Business is essential to tackling poverty, and the development world has come to embrace this. It is now widely acknowledged that we need to see more businesses investing, trading and employing inclusively if we are to tackle poverty.
While definitions of inclusive business vary (e.g. this one from the FAO is among the more ambitious), most agree that it needs to encompass respecting rights and generating economic opportunities. So how do we get more inclusive business practices? Among other things, we need to look inside businesses, at their DNA, to ensure they are wired to make commercial decisions that lead to inclusive and sustainable development. For donors, this means better understanding the kinds of companies they are partnering with, and the kind of businesses they are promoting.
Businesses are diverse in the way they are owned and governed. In particular, this diversity may matter when there are trade-offs between the interests of stakeholders (such as workers, farmers, communities and investors).
Use of profits
Take for instance, what is done with profits at year end. Some businesses prioritise investing it in business expansion, some rewarding workers (investing into productivity or workforce stability) and others maximising dividends to shareholders. For the mainstream western corporate model, the trend has been to prioritise the latter. In the 1970s, UK companies paid about 10% of their profits in dividends. That has increased to about 70% today, and this trend is mirrored across many other economies. Meanwhile, employee-owned enterprises (e.g. John Lewis Partnership) and farmer-owned enterprises (e.g. Divine Chocolate) use their profits to both reinvest in their business, and pay a bonus or dividend to workers and farmers. Clearly, the ownership and governance structure of businesses can drive how they prioritise competing interests in relation to use of their profits.
Prioritising local development
There are other scenarios where corporate structure can drive development outcomes. An example is a Sri Lankan dairy processing enterprise I recently came across. This enterprise had the choice of continuing to source from local dairy farmers or to buy imported powdered milk – both commercially viable (ie profitable), but the latter more profitable. As an enterprise that embedded a clear mission to support local economic development, it decided to continue sourcing locally. Putting aside which scenario is more impactful for development, the governance structure of that business shaped a decision that clearly had significant implications on its developmental impact.
Sharing more value with workers, farmers and consumers?
Critically, these differences in ownership and governance can lead to significant impacts on the equality of economic growth. For instance, the Kenyan Tea Development Agency is co-owned by 550,000 small-scale tea farmers with 66 tea processing factories; it enables farmers to receive over 75% of the final tea price. Meanwhile, tea farmers in nearby Rwanda operating through more traditional business structures, only earn 25%. How value is shared varies across businesses and supply chains. As development practitioners, we should favour outcomes where low-income workers, farmers and consumers end up capturing more value.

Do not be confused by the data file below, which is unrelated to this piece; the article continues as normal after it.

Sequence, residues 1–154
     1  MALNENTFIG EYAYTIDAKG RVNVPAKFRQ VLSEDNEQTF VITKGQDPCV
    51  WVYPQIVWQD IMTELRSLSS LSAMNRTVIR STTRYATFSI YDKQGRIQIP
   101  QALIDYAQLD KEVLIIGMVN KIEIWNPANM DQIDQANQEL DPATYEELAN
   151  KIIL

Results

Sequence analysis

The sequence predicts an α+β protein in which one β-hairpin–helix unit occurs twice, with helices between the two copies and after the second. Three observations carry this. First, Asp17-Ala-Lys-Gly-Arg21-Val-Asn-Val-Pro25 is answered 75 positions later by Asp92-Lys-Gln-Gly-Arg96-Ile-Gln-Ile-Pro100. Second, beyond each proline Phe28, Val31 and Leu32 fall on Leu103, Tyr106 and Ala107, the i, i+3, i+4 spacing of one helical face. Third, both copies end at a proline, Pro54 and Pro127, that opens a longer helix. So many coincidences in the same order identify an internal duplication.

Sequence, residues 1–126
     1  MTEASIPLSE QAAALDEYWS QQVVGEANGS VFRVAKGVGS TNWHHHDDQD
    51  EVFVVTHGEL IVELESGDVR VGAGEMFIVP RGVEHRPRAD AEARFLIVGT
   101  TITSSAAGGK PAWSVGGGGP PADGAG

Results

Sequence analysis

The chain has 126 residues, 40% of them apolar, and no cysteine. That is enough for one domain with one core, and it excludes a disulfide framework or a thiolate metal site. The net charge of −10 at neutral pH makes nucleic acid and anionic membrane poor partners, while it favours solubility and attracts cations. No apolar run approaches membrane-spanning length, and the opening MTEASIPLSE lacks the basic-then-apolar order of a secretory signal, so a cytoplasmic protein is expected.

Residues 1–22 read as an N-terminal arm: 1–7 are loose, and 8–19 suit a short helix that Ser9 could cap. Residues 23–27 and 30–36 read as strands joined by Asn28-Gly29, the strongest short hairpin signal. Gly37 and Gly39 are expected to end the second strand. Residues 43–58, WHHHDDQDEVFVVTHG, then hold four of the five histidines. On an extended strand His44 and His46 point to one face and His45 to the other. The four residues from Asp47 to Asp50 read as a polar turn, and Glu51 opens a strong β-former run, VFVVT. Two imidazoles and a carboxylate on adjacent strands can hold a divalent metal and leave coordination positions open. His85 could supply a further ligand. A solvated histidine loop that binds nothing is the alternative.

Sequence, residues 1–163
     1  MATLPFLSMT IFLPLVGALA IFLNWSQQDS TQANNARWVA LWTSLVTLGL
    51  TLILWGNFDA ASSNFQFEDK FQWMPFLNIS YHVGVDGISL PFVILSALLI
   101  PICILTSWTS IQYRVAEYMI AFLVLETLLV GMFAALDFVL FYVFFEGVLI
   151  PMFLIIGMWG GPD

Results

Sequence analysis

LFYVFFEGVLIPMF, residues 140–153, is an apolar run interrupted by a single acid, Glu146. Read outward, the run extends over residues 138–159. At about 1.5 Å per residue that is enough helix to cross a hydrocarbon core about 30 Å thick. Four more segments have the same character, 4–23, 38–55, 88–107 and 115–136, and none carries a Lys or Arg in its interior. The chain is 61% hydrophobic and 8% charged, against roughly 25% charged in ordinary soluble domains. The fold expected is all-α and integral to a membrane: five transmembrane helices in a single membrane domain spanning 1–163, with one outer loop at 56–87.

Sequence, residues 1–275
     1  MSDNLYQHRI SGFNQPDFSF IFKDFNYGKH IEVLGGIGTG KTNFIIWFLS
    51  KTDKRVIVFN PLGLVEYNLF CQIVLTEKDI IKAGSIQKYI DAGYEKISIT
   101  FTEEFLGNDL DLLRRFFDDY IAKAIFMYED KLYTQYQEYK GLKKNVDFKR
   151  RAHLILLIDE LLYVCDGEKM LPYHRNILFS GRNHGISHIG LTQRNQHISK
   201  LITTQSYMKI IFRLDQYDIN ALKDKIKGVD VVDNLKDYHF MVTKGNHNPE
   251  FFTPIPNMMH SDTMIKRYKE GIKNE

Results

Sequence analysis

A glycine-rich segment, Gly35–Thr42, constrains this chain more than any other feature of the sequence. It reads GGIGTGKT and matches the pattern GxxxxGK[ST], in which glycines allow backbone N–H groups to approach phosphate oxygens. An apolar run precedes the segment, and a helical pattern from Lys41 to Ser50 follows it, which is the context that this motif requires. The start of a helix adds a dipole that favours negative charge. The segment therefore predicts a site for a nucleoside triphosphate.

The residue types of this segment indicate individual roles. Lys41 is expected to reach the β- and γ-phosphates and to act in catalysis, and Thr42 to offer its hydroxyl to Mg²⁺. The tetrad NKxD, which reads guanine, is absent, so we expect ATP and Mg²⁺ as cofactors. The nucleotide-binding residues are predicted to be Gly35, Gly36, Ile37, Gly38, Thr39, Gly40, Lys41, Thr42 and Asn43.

‘So what?’ for development practitioners
The recent report published by Oxfam and the Donor Committee for Enterprise Development explains in greater detail the characteristics of structure that determine the DNA of a business. Key elements are categorised as: (a) statutory form, (b) internal corporate governance, and (c) ownership model. This provides a lens through which development practitioners can evaluate businesses, which is important for two reasons.
This isn’t a call to exclusively work with and promote cooperatives and social businesses. The spectrum of business structures is more diverse and the impacts of business is more complex than that. Clearly, traditionally structured companies can also be a force to galvanise for development. However it is important to know the strengths and limitations underpinning any specific company or business structure. And there is a need for holistic research into how corporate structures, alongside other factors such as leadership, culture, regulatory frameworks and consumer engagement, may influence the pursuit of sustainability objectives, in order to inform the design of effective donor strategies. The development world seems to be at the early stages of a journey to better understand these questions.
This blog is part of the January 2017 series on how, and why, donors and businesses work together for development impact. For more candid opinions on what works, and what doesn’t, read the full series on demystifying donor-business collaborations.